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Consider an alphabet $\Sigma=\{1,\dots,n\}$. An ordered word is a word $w=w_1w_2\dots w_k\in\Sigma^*$ such that $w_1<w_2<\dots<w_k$. In other words, an ordered word is a strictly increasing sequence over $\{1,\dots,n\}$.

Let us call $O_{n,k}$ the set of all ordered words over $\{1,\dots,n\}$ of length $k$. Clearly, there are $\binom{n}{k}$ many ordered words of length $k$.

Now, what I am looking for is the maximal size of a subset $M\subseteq O_{n,k}$ such that each pair of letters $ij$ ($1\le i<j\le n$) occurs at most once as a consecutive substring in any word of $M$. What is the maximal size of such a subset?

Formally, let $\#_{ij}(M)$ be the number of words in $M$ that contain $ij$ as a consecutive substring, then $$m_{n,k}=\max\{|M|:M\subseteq O_{n,k}\text{ and }\#_{ij}(M)\le 1\text{ for all }i,j\text{ with }1\le i<j\le n\}.$$ What is $m_{n,k}$?

Asymptotic behavior as well as some non-trivial lower and upper bounds would be helpful.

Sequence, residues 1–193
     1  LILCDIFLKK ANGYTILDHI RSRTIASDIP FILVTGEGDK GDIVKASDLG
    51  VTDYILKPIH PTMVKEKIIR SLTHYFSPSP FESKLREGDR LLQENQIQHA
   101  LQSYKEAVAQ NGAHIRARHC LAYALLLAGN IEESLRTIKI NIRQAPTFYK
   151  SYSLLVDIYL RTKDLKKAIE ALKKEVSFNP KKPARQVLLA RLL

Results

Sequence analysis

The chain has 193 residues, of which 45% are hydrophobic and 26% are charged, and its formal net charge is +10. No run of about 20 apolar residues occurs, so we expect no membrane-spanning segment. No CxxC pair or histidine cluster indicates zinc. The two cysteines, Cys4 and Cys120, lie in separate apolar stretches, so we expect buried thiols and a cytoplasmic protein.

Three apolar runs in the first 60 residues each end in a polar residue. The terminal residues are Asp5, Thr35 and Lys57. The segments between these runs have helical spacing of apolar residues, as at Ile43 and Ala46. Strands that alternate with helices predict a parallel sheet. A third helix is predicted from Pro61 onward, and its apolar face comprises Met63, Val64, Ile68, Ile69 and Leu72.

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Example: $\Sigma=\{1,2,3,4\}$ and $k=3$.

All ordered words of length $3$ are $$O_{4,3}=\{123,124,134,234\}.$$ A maximal subset such that no pair occurs more than once would be $$M=\{123,134\},$$ because all pairs $(12,13,14,23,24,34)$ occur at most once as a consecutive substring in $M$ and there is no set of size $3$ with this property. It follows that $m_{4,3}=2$.

Thank for any help.

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There is a simple upper bound of $$\frac{\binom{n}{2}}{k-1},$$ following from the fact that there are $\binom{n}{2}$ ordered pairs of elements, and each ordered word contains $k-1$ of them.

There is an almost matching lower bound of $$ \frac{\binom{n-k+1}{2}}{k-1}. $$ This shows that for fixed $k$, the answer is asymptotically $$ \frac{n^2}{2(k-1)} \pm O(n). $$

For every $c \geq 1$ and $1 \leq d \leq c$, we can consider the collection of ordered words of the form $$ d,d+c,\ldots,d+(k-1)c \\ d+(k-1)c,d+(k+1)c,\ldots,d+2(k-1)c \\ \ldots $$ These collections for all $c,d$ have disjoint pairs. For a given $m \leq n$ and $c$, there is a word of this type if $m-(k-1)c \geq 1$, that is, if $c \leq \frac{m-1}{k-1}$. Therefore, the total number of words is $$ \sum_{m=k}^n \left\lfloor \frac{m-1}{k-1} \right\rfloor. $$ We can estimate this sum roughly by $$ \sum_{m=k}^n \left(\frac{m-1}{k-1}-1\right) = \sum_{m=k}^n \frac{m-k}{k-1} = \frac{\binom{n-k+1}{2}}{k-1}. $$

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